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The US withdrawal from Afghanistan shook up international politics. Yet the United States is not the first great power in world history to fail in Afghanistan. Alexander the Great, Genghis Khan, the British Empire and the Soviets have all sought to bring the region under their influence, often at great cost in bloody fighting. The defeats of the great empires provide an interesting lesson in why it is so difficult to build and run a stable political government in the barren rocky desert.
The failure of the United States in Afghanistan may symbolise a new chapter in international political history. A host of political, economic and military experts have analysed in on why the US cannot maintain its position in the Central Asian country. However, it is worth looking back in history and seeing why empires such as the British
Empire and the Soviet Union, or one of the greatest figures of antiquity, Alexander the Great, failed in this region centuries ago.
And before the historical analysis, it is appropriate to quote the opening lines of Artyom Borovik's great account: 'Afghanistan isn't a country. (...) For those who were there, Afghanistan is more like a prayer. Not only a prayer to God, but to oneself."[i] - Borovik wrote in his book about his harrowing experience of the Soviet-Afghan war.
Alexander the Great in the "Land of Bones"
It was the Persian rulers who first managed to extend their influence over the territory of present-day Afghanistan, sometimes for longer, sometimes for shorter periods. The first large-scale military invasion was launched by one of the most influential political rulers in human history, and one of the greatest military leaders: he was Alexander the Great, the king of Macedonia. Some statues and engravings found in Afghanistan show that Alexander the Great was depicted as a lion even centuries after his death. This says a lot about the respect in which Alexander the Great's life's work was held in this area. Despite this, Alexander the Great's venture into Afghanistan has resulted in a controversial situation. An examination of the historical sources suggests that the Macedonians faced very similar problems some two and a half thousand years ago to those faced by Soviet troops in the 20th century and later by American forces. One of the major challenges is the geography of the area: the long mountain series cover nearly two-thirds of the country and stretch from China into central areas of the country. The porous, rocky terrain and lack of natural boundaries make it easy for the insurgents to control the area, and the high mountains and deep valleys make it difficult to keep the area under unified dominion. Another reason is the nature of the alliances and connections among Afghans, which vary from highly multi-ethnic tribal, interdependent relationships to fierce independence. This is further reinforced by the fact that only about 12 percent of the land area of Afghanistan, formerly known as Bactria, can stand under cultivation. Malnutrition, disease and death are therefore ever-present. Thus, the people there are fighting for their lives, swiftly changing allies and enemies according to the momentary interests of local warlords, with the ally becoming the enemy in an instant.[ii] This has become a very disturbing factor for all conquering forces, which have been forced to deploy much larger forces and have been depleted both psychologically and physically more quickly (An interesting parallel is that recent surveys in the US military show that many more soldiers returning from Afghanistan did report mental health problems and the suicide rates was higher than before).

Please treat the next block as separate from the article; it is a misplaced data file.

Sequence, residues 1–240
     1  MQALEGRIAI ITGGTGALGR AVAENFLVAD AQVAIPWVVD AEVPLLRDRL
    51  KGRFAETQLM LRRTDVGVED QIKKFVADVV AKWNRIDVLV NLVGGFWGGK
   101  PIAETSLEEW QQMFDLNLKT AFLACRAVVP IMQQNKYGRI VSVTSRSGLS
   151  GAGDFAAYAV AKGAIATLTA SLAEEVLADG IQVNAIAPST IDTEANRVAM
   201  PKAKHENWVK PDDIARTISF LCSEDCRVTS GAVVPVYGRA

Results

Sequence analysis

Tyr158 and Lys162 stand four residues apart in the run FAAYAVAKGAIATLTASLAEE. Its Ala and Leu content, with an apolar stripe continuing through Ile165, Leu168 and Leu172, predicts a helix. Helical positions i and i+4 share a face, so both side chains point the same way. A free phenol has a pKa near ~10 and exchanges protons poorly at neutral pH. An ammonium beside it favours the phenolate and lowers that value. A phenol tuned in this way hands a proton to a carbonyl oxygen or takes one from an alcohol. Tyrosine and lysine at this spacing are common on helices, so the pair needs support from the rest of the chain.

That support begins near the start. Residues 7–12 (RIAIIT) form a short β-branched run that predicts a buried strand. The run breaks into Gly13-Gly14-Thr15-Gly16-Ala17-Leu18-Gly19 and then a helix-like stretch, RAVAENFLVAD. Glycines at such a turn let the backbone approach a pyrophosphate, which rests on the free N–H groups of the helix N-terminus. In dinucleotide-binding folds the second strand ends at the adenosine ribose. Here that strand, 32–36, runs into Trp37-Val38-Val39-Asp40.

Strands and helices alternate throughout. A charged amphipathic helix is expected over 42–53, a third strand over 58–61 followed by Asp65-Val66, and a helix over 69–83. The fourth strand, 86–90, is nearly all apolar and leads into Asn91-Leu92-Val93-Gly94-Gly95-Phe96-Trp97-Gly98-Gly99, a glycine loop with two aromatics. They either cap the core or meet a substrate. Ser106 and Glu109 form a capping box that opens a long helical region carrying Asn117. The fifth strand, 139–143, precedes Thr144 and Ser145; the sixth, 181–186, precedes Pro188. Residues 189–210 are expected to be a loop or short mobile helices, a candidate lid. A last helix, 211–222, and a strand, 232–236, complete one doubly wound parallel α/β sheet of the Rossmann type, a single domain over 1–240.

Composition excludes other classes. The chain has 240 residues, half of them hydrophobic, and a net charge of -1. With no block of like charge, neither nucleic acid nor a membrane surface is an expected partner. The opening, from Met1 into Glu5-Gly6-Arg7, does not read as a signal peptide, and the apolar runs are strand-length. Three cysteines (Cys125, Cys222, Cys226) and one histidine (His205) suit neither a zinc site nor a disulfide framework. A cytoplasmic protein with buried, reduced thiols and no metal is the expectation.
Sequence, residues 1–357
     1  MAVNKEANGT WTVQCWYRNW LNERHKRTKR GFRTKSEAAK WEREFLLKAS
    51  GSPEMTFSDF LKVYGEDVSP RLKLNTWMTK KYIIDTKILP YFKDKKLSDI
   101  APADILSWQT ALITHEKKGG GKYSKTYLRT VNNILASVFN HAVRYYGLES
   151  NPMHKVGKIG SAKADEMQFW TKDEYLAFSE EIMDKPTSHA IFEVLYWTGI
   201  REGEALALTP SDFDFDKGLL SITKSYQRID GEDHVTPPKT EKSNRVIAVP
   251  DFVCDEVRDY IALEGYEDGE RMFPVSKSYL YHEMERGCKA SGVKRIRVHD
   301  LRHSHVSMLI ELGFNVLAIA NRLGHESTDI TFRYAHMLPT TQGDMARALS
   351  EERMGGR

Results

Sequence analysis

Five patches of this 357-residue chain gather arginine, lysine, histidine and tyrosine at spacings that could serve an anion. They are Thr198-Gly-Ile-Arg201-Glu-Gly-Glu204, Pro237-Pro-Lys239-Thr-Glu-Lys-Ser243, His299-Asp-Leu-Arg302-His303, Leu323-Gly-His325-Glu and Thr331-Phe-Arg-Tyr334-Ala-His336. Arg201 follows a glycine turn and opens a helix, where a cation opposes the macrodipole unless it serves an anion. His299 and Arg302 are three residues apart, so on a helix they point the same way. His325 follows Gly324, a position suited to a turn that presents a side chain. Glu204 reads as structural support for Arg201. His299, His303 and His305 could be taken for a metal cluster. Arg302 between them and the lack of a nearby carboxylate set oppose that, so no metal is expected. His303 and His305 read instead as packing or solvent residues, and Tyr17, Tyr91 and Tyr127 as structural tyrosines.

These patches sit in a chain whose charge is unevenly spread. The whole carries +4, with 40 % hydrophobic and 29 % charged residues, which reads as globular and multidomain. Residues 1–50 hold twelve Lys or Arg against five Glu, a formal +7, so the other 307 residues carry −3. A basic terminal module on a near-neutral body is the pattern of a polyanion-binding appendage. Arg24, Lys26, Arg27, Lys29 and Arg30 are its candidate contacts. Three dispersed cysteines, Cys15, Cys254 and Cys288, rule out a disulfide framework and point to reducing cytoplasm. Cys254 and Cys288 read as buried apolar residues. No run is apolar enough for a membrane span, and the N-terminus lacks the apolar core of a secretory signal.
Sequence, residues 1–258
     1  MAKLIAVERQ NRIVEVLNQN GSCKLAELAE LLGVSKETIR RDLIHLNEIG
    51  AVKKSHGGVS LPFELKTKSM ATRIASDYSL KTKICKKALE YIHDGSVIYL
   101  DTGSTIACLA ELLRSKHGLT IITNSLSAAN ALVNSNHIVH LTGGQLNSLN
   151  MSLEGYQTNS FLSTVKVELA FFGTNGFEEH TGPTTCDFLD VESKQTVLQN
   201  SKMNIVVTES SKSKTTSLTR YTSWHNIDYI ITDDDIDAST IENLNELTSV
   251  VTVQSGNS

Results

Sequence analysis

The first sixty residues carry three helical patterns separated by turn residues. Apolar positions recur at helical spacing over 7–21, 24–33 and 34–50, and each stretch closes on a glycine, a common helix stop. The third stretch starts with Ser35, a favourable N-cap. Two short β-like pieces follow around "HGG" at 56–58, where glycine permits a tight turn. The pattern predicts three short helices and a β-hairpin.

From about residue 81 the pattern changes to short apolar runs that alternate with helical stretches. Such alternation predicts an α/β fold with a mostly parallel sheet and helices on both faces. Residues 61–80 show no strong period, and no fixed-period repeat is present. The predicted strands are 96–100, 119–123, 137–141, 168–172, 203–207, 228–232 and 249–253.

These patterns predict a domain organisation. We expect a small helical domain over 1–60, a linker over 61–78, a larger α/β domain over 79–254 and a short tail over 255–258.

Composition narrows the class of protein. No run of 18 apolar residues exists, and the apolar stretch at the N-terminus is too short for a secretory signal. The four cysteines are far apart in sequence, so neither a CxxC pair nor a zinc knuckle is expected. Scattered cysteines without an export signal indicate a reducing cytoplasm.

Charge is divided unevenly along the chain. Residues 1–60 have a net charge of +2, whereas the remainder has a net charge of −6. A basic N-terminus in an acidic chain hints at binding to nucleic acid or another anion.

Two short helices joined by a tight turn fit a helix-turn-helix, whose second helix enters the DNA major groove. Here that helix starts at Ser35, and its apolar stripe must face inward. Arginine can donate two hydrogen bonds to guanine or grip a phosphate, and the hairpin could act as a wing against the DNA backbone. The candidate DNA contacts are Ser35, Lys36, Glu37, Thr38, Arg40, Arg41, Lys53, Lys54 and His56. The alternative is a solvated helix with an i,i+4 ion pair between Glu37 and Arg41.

[i] Borovik, Artyom: The Hidden War. A Russian Journalist’s Account of the Soviet War in Afghanistan. Grove Press, New York, 1990. 1.
[ii] Holt, Frank L.: Into the Land of Bones. Alexander the Great in Afghanistan. University of California Press, Berkeley, 2005. 10.